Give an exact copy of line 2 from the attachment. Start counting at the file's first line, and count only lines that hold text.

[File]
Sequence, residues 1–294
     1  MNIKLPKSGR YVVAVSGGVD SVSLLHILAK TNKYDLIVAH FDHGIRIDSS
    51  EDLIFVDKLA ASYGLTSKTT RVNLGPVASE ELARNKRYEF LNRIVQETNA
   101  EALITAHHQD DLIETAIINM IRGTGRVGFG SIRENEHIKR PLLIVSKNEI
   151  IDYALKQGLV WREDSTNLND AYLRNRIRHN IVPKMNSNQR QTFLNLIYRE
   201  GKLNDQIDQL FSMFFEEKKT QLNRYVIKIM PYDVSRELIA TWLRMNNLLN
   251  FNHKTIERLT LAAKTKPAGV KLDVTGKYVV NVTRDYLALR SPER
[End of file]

     1  MNIKLPKSGR YVVAVSGGVD SVSLLHILAK TNKYDLIVAH FDHGIRIDSS